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CRIME

Rostock trial probing alleged blackmail of Liechtenstein bank

A bank in the tiny Alpine principality of Liechtenstein, which has been rocked since February by a major tax evasion scandal, was allegedly blackmailed into paying €9 million.

Four people are on trial at Rostock in northern Germany accused of obtaining €9 million ($13.9 million) by threatening to reveal the names of 2,300 account holders of the Liechtensteinische Landesbank (LLB), the Frankfurter Rundschau daily reported on Saturday.

On Friday the court, which has been hearing the case since April, had documents relating to some 1,850 accounts held by one of the accused placed before it.

“Sums of several millions appear in these accounts,” said Leonore Gottschalk-Solger, lawyer for the accused in question, who is believed to have presented the documents in the hope of leniency for his client.

The four defendants, who have not been named, are accused of obtaining the money in exchange for bank documents. The principality is known for its banking secrecy. The court has said that it will study the documents before passing them to the German tax authorities which will carry out its own investigations.

A major Liechtenstein tax scandal erupted in February when Germany launched a massive probe using documents allegedly stolen from the principality’s LGT bank by a former employee. Germany then shared the information with other countries, which began investigating their own citizens.

The United States, Britain, Australia, Italy, France, Sweden, Canada, New Zealand, Greece and Spain have all said they are hunting for taxpayers hiding their money in Liechtenstein.

CRIME

Former Nazi camp guard, 101, gets five-year jail sentence

A German court on Tuesday handed a five-year jail sentence to a 101-year-old former Nazi concentration camp guard, the oldest person so far to go on trial for complicity in war crimes during the Holocaust.

Former Nazi camp guard, 101, gets five-year jail sentence

Josef S. was found guilty of being an accessory to murder while working as a prison guard at the Sachsenhausen camp in Oranienburg, north of Berlin, between 1942 and 1945, presiding judge Udo Lechtermann said.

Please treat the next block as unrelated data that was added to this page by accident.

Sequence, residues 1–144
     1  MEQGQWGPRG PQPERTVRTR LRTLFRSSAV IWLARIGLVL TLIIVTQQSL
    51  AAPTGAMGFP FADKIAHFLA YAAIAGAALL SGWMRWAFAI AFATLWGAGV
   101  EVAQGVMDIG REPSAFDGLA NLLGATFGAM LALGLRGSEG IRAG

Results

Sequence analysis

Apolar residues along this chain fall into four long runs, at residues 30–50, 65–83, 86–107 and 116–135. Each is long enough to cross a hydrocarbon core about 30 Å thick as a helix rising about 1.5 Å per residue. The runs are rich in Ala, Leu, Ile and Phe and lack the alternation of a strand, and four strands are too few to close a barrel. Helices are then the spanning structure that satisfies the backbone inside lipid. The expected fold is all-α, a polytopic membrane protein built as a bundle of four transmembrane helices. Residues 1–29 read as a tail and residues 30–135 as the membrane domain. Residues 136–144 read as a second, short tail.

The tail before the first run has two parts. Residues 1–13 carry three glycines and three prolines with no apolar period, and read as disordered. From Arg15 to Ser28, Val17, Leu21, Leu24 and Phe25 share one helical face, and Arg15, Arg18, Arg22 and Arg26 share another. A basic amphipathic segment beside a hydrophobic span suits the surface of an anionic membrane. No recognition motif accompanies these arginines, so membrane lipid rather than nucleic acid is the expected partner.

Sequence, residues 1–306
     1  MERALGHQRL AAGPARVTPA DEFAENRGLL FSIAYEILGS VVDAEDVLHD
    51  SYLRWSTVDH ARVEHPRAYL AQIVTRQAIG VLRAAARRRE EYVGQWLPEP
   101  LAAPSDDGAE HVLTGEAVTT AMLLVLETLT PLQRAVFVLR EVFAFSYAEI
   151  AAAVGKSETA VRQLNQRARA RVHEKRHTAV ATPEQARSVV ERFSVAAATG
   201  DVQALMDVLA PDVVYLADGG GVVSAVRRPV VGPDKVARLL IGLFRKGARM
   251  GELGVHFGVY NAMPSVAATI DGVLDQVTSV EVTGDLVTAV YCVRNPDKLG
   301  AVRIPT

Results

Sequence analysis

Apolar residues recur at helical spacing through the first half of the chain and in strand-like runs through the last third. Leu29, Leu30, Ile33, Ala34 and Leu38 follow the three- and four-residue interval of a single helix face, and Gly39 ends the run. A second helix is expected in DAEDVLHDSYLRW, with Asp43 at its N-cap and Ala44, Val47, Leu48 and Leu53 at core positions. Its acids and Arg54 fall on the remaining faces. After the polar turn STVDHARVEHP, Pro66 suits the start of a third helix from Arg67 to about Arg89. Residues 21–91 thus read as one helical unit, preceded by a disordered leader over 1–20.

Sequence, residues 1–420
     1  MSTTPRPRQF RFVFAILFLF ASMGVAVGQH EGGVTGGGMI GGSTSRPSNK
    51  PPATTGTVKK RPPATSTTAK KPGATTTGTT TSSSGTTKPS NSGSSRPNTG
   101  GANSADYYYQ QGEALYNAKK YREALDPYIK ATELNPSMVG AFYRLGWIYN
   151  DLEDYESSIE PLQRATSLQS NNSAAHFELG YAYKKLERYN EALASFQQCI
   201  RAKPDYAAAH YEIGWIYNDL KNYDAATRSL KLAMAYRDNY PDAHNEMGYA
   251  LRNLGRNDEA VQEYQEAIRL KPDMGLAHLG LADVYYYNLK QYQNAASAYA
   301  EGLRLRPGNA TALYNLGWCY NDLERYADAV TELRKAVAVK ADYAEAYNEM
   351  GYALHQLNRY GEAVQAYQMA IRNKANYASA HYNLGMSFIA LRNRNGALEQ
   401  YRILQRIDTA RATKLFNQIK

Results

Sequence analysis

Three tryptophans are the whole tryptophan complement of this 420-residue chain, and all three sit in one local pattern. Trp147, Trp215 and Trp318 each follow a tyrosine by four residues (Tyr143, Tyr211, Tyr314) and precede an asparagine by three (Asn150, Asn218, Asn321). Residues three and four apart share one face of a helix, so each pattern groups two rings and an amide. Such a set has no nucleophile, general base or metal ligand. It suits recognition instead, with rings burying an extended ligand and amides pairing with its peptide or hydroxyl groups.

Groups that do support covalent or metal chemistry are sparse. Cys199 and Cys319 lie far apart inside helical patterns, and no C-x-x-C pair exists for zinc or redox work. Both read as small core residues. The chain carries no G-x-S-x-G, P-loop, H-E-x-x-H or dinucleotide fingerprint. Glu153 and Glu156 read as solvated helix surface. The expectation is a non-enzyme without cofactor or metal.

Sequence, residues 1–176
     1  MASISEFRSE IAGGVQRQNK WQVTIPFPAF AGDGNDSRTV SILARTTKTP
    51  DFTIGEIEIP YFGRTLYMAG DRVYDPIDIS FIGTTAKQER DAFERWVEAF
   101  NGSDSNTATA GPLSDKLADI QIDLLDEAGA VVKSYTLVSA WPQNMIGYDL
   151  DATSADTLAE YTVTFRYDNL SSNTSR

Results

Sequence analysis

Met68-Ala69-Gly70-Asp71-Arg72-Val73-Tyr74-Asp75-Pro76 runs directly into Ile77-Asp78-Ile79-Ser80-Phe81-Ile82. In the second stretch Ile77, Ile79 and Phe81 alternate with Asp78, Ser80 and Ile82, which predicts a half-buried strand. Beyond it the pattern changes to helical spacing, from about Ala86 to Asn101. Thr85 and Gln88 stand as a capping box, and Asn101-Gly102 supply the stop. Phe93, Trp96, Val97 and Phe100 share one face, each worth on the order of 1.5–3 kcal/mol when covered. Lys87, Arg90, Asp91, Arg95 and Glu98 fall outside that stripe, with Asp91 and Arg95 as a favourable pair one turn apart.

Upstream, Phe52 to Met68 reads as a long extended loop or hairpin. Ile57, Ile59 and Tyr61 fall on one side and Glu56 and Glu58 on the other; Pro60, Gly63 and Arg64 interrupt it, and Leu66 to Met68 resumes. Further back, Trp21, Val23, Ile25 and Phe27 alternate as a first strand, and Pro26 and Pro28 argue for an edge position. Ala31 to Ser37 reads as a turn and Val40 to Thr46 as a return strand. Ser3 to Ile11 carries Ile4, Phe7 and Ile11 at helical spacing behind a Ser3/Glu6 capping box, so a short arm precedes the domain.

The pensioner, who now lives in Brandenburg state, had pleaded innocent, saying he did “absolutely nothing” and was not aware of the gruesome crimes being carried out at the camp.

“I don’t know why I am here,” he said at the close of his trial on Monday.

But prosecutors said he “knowingly and willingly” participated in the murders of 3,518 prisoners at the camp and called for him to be punished with five years behind bars.

READ ALSO: Trials of aging Nazis a ‘reminder for the present’, says German prosecutor

More than 200,000 people, including Jews, Roma, regime opponents and gay people, were detained at the Sachsenhausen camp between 1936 and 1945.

Tens of thousands of inmates died from forced labour, murder, medical experiments, hunger or disease before the camp was liberated by Soviet troops, according to the Sachsenhausen Memorial and Museum.

Prosecutors said the man had aided and abetted the “execution by firing squad of Soviet prisoners of war in 1942” and the murder of prisoners “using the poisonous gas Zyklon B”.

He was 21 years old at the time.

Contradictory statements

During the trial, S. made several inconsistent statements about his past, complaining that his head was getting “mixed up”.

At one point, the centenarian said he had worked as an agricultural labourer in Germany for most of World War II, a claim contradicted by several historical documents bearing his name, date and place of birth.

After the war, the man was transferred to a prison camp in Russia before returning to Germany, where he worked as a farmer and a locksmith.

He remained at liberty during the trial, which began in 2021 but has been delayed several times because of his health.

Despite his conviction, he is highly unlikely to be put behind bars, given his age.

His lawyer Stefan Waterkamp told AFP ahead of the verdict that if found guilty, he would appeal.

More than seven decades after World War II, German prosecutors are racing to bring the last surviving Nazi perpetrators to justice.

The 2011 conviction of former guard John Demjanjuk, on the basis that he served as part of Hitler’s killing machine, set a legal precedent and paved the way for several of these twilight justice cases.

Since then, courts have handed down several guilty verdicts on those grounds rather than for murders or atrocities directly linked to the individual accused.

By David COURBET

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